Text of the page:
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Healthy Wizards shorten rotation and stomp 76ers

Philadelphia 76ers v Washington Wizards
Washington Wizards forward Kyle Kuzma had an outstanding game to lead the team to a 19-point win over the Philadelphia 76ers,
Photo by Mitchell Layton/Getty Images

The Washington Wizards celebrated their first game this season with a full complement of healthy players by shortening the rotation and administering a 117-98 beatdown of a decent Philadelphia 76ers, which had won 8 of its last 9 games.

With head coach Wes Unseld Jr. and assistant Pat Delany both in the Covid protocols, sideline duties fell to assistant coach Joseph Blair. Blair administered the team’s rotation change, which dropped Deni Avdija, Davis Bertans and Aaron Holiday.

The Wizards took control fairly early, building a 10-point lead in the first half. Crummy play at the end of the second quarter sent them into the half up just 6, but they quickly pulled away from the 76ers. Washington’s lead reached 25 in the fourth quarter, and they coasted home with a comfortable 19-point victory.

Washington was led by another outstanding game from Kyle Kuzma — 15 points, 16 rebounds, 4 assists, a steal and 3 blocks. While his offensive game wasn’t exactly efficient (a 111 ortg — about 6 points below the team’s average for the game), he more than made up for it with his defense and rebounding.

Montrezl Harrell and Thomas Bryant were superb off the bench, combining for 33 points and 12 rebounds. Bryant had some difficult times handling Embiid, which is true of every center in the league, including starting center Daniel Gafford, who committed 4 fouls in 8 minutes. Bryant also demonstrated his value on the offensive end with good screens and cuts, strong finishes at the rim and a made three.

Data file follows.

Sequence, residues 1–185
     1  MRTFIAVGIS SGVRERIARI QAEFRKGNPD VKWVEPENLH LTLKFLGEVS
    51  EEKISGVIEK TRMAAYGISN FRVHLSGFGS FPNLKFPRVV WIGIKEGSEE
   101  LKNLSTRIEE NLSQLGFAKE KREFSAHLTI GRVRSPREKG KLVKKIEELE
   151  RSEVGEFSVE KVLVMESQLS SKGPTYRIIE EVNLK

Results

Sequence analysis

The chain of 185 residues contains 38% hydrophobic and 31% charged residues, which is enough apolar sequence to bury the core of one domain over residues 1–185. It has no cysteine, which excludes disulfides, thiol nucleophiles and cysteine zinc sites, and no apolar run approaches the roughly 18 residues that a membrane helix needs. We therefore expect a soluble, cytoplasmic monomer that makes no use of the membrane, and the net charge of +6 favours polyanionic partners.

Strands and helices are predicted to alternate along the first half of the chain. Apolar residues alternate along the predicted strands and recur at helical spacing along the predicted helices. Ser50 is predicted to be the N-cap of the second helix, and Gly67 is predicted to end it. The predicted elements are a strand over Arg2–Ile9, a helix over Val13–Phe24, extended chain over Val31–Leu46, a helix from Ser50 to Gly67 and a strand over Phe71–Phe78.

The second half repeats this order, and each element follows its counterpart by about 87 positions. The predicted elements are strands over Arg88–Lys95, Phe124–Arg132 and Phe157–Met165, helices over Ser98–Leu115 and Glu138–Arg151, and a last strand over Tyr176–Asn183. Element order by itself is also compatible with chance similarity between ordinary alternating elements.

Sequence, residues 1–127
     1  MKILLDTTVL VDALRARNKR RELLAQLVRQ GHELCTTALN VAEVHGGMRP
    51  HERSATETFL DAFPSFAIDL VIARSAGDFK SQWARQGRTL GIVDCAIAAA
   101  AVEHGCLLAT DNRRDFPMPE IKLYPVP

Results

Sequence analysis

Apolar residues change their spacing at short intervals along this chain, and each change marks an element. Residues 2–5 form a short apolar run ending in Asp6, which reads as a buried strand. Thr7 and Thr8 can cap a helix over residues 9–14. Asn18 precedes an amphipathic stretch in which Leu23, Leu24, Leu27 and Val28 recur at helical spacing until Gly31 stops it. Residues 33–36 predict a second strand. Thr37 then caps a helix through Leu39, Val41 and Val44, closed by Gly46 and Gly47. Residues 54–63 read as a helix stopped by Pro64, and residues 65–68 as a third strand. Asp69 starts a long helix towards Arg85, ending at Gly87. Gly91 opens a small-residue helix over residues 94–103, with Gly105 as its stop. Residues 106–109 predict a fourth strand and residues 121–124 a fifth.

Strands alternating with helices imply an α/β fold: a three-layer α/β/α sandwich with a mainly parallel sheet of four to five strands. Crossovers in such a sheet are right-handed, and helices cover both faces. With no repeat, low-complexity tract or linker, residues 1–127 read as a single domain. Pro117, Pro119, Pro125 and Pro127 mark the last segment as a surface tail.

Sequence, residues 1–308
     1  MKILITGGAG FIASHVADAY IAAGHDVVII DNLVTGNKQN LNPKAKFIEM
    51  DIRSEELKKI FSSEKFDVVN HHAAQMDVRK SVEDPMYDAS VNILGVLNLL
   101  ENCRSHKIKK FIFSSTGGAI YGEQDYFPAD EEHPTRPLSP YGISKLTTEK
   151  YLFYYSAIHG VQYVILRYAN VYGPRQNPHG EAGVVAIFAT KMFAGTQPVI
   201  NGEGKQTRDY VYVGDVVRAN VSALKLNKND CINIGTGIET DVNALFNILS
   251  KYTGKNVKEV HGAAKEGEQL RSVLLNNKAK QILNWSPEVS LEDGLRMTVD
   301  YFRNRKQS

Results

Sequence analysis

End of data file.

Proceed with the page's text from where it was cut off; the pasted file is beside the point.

Bradley Beal, back from Covid, had a quiet 13 points, 5 rebounds, 6 assists and a usage rate of just 20.5%.

Rui Hachimura had his best game since his return to action with 11 points and 5 rebounds in 16 minutes. He knocked down a couple midrange jumpers and got to the free throw line, where he went 4-4.

Joel Embiid is a formidable talent, and while glory stats were solid (32 points and 8 rebounds), he (and everyone in a Sixers’ uniform) looked slow and tired. Philadelphia’s defense was poor for most of the game and was only marginally better with him in the game. Embiid got dunked on in the first half by Kuzma, and then decided not to challenge Kuzma at the rim on a second dunk.

Four Factors

Below are the four factors that decide who wins and loses in basketball — shooting (efg), rebounding (offensive rebounds), ball handling (turnovers), fouling (free throws made).

I’ve simplified them a bit. While the factors are usually presented as percentages, that’s more useful over a full season. In a single game, the raw numbers in each category are easier to understand.

Four Factors: 76ers 98 at Wizards 117

FOUR FACTORS 76ERS WIZARDS
FOUR FACTORS 76ERS WIZARDS
EFG 0.448 0.534
OREB 10 9
TOV 12 12
FTM 21 24